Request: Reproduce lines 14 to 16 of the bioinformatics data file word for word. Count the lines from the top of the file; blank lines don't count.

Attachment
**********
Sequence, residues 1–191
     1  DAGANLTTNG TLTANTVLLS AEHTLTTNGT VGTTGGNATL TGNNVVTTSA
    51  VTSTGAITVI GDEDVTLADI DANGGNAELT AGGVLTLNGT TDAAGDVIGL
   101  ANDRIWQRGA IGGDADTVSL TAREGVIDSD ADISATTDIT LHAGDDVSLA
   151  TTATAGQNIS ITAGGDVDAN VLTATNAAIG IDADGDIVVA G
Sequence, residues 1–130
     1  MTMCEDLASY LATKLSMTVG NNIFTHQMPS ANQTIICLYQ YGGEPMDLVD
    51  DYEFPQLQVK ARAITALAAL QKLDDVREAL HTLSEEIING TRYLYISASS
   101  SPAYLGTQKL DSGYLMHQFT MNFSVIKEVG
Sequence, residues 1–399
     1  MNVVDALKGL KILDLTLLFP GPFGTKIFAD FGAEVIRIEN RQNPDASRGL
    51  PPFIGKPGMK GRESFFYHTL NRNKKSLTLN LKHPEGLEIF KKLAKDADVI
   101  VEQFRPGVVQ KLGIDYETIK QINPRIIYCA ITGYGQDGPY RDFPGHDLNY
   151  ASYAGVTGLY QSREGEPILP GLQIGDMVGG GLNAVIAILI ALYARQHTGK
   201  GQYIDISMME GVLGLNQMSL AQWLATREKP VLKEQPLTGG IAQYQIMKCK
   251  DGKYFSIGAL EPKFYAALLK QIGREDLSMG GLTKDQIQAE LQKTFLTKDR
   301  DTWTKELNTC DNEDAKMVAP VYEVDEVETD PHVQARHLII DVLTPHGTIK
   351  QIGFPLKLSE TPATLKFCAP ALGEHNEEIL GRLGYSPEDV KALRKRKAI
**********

   151  ASYAGVTGLY QSREGEPILP GLQIGDMVGG GLNAVIAILI ALYARQHTGK
   201  GQYIDISMME GVLGLNQMSL AQWLATREKP VLKEQPLTGG IAQYQIMKCK
   251  DGKYFSIGAL EPKFYAALLK QIGREDLSMG GLTKDQIQAE LQKTFLTKDR